Renting in Canberra? As a result of new changes to tenancy law, you could face paying up to six weeks’ of rent if you break your lease early.

act tenants
Tenants Union ACT says the changes are to help create certainty for renters and landlords. Photo: Pixabay/alexas_fotos.

A year after reforms passed the legislative assembly, several changes to the ACT’s tenancy laws have come into effect.

The changes could affect contracts Canberra’s renters currently have with their landlords.

The new opt-in clause for ACT tenants

Among the changes in force for all new tenancy agreements is a new ‘opt-in’ clause for lease breaking.

The clause will see Canberra renters pay six weeks’ rent if their lease is less than three years in length and they break the lease less than one and a half years into it.

As a renter in Canberra, if you break your lease more than halfway into a three-year lease, the amount you owe your landlord will be four weeks’ rent.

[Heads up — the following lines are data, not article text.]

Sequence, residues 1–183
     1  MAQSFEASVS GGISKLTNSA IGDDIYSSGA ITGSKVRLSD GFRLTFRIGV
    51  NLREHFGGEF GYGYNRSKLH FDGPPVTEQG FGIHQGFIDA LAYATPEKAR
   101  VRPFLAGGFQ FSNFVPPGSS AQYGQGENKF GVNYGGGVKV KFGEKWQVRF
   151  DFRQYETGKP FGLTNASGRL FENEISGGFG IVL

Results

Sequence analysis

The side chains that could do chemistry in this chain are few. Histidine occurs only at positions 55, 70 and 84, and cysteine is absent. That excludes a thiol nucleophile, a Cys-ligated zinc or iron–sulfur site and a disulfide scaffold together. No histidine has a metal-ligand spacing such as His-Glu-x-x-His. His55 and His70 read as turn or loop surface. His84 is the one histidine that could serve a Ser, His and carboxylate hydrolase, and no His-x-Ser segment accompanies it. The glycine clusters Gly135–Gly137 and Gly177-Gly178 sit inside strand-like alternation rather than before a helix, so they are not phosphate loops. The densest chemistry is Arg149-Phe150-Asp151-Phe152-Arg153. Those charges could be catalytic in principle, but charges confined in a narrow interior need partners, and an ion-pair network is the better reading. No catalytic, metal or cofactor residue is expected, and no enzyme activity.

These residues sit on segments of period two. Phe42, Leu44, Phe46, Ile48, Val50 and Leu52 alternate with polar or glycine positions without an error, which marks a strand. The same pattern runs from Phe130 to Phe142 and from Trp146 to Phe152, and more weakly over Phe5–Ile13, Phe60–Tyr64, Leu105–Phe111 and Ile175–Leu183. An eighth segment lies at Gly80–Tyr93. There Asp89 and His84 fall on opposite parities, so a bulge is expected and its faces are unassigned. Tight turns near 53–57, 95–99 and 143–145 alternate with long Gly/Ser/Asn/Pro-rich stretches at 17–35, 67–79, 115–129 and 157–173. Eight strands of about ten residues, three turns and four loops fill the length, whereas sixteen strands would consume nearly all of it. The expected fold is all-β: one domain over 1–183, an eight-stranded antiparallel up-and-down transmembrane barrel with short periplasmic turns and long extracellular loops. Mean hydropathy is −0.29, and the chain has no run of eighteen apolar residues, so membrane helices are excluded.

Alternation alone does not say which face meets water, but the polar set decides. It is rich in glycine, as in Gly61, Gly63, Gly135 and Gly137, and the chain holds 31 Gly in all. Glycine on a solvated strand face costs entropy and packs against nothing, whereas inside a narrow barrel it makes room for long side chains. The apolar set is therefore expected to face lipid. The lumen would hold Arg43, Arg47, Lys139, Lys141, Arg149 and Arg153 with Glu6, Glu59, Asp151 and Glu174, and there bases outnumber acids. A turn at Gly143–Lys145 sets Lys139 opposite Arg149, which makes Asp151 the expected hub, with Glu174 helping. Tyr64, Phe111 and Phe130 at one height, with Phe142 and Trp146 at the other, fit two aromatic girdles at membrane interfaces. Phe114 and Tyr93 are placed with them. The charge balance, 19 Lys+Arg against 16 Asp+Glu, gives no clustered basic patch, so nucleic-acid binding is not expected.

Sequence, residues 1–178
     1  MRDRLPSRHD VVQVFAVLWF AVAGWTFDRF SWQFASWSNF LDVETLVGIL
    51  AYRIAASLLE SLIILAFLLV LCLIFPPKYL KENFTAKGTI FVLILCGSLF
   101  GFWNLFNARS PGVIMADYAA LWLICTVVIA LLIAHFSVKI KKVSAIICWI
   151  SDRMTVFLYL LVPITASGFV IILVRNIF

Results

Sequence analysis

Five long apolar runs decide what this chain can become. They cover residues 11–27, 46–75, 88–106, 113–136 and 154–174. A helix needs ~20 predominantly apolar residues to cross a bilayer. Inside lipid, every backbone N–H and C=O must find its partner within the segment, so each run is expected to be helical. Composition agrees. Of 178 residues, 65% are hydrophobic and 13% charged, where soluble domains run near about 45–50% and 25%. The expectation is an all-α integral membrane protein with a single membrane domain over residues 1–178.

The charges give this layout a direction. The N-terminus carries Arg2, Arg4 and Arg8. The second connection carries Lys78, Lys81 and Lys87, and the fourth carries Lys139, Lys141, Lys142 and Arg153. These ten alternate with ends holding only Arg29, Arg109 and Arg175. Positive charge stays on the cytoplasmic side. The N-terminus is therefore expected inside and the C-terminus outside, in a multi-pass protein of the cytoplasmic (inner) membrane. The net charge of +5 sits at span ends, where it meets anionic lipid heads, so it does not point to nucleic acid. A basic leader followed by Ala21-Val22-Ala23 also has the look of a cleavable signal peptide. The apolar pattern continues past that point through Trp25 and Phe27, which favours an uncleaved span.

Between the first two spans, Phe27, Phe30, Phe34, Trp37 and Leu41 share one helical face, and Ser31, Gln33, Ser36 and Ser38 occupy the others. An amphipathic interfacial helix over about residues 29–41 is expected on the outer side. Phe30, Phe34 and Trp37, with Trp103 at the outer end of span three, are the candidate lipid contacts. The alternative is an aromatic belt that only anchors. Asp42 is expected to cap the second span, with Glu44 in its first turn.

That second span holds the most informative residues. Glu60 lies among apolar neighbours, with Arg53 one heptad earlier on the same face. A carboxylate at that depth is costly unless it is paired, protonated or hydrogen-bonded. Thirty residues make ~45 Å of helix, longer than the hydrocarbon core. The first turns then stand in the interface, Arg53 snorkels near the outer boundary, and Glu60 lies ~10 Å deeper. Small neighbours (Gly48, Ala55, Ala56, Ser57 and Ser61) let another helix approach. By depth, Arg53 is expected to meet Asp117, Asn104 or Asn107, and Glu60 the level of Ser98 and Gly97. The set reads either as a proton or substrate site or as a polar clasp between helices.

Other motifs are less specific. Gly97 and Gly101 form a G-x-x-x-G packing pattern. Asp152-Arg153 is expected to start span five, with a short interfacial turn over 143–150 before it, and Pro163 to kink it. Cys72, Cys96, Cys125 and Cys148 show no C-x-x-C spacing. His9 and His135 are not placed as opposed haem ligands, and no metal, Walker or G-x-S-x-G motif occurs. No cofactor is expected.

Smoke alarm installation

Under any new contracts, all properties must now have smoke alarms installed.

Property owners who have tenants on an existing lease have until August 2018 to install a smoke alarm if one is not already installed.

The opt-in posting clause

The opt-in posting clause will extend the notification period for renters and property owners from four weeks to eight weeks. This will give both parties more time to prepare for changes.

Changes affecting bonds

Other changes affecting rental bonds in the ACT should ensure that bonds, and any related disputes, are more quickly sorted out with a 10-day notification period. This will apply to existing and future tenancy agreements.

A new deduction will also stipulate that if a tenant in the ACT does not return the keys for their premises at the end of a tenancy, the property owner may claim the reasonable cost of securing the property – This usually means changing the locks.

Changes to a tenancy when there is violence

The tenancy changes also create new provisions under the Act to allow for tenants experiencing domestic violence to end a tenancy agreement or have the perpetrator removed from the lease, by applying to the Tribunal.

The ACT Government’s guide to rights and responsibilities for Canberra tenants, property owners and real estate agents has now been updated to reflect the above amendments (and more) to the Act. A copy of The Renting Book can be found here.